Ex-West Virginia official pleads not guilty in Capitol riot

Ex West Virginia Official Pleads Not Guilty In Capitol Riot

An FBI affidavit filed in federal court in Washington, D.C. describes this image, taken from U.S. Capitol Police closed-circuit TV surveillance footage, as showing Eric Barber taking a selfie, at left, photographs inside the Capitol Rotunda on Jan. 6, 2021, in Washington. Barber pleaded not guilty on March 31, 2021, to charges including theft and disorderly and disruptive conduct in a restricted building or grounds.

PARKERSBURG, W.Va. (AP) — A former Parkersburg City Councilman pleaded not guilty this week to charges relating to the Jan. 6 breach of the U.S. Capitol, The Parkersburg News and Sentinel reported.

Eric Barber, 42, appeared on Wednesday for a video arraignment before U.S. District Court Judge Christopher R. Cooper in Washington, D,C.

Barber’s attorney, Assistant Federal Public Defender Ubong Akpan, entered a plea of not guilty on his behalf to charges of entering and remaining in a restricted building or grounds; disorderly and disruptive conduct in a restricted building or grounds; disorderly conduct in a Capitol building or grounds; parading, demonstrating or picketing in a Capitol building; and theft.

In an interview with the newspaper on the day of the riot, Barber claimed he got close enough to the building to look in a window but did not enter it.

However, the criminal complaint alleges that photos and security video show Barber inside the Capitol wearing a “green combat style helmet and a green military style field jacket.” It said video reviewed by law enforcement recorded Barber saying, “They’re giving us the building,” and that he took selfie images in the Capitol Rotunda. It also claims he stole a portable power station from a C-SPAN media station in the Capitol’s Statuary Hall.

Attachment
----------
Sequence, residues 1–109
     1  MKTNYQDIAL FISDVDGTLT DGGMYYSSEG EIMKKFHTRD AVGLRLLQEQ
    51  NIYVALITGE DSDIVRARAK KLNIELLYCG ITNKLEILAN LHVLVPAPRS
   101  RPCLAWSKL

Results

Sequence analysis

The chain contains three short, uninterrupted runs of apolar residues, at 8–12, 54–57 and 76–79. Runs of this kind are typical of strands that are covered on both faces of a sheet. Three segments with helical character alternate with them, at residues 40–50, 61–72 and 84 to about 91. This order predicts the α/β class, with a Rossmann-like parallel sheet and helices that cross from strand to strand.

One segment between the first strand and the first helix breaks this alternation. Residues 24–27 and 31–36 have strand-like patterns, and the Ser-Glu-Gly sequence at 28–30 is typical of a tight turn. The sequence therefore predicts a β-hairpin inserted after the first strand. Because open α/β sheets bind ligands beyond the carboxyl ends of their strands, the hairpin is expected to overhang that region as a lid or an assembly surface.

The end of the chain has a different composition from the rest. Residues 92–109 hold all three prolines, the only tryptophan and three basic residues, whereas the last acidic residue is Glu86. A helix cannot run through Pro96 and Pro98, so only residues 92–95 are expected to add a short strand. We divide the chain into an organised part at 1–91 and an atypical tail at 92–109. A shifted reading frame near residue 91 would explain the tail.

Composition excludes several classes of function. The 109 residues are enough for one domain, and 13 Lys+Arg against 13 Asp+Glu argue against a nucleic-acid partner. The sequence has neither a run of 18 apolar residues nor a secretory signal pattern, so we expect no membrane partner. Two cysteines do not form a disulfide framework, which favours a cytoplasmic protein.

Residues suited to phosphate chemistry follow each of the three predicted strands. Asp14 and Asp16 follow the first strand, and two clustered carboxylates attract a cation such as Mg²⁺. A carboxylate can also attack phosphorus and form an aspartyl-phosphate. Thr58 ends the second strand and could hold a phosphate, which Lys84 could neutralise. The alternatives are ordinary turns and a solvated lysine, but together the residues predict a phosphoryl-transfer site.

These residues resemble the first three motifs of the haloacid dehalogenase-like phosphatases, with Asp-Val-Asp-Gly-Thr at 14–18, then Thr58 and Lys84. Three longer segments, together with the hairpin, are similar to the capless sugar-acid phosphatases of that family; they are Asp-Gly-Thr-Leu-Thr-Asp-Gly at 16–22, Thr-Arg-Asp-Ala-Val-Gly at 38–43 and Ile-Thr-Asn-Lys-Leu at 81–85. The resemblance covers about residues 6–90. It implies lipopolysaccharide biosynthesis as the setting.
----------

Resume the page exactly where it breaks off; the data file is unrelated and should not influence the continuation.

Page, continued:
Barber was elected to the Parkersburg City Council in 2016 as a Democrat. He changed his registration to independent a year later, then changed it again to Republican before losing his reelection bid last November. His previous criminal history included convictions for breaking and entering, petit larceny, controlled substances, drunk driving and fleeing arrest. Later, as a council member, his driver’s license was revoked on a marijuana charge and, in a separate incident, he pleaded guilty to disorderly conduct.

Barber remains free on a personal recognizance bond.

More than 300 people have been charged with federal crimes related to the insurrection, which was encouraged by the false claims of former President Donald Trump that the 2020 presidential election had been stolen. Protesters who stormed the Capitol disrupted the certification of Joe Biden’s electoral victory, but lawmakers completed their constitutional duties early the next morning.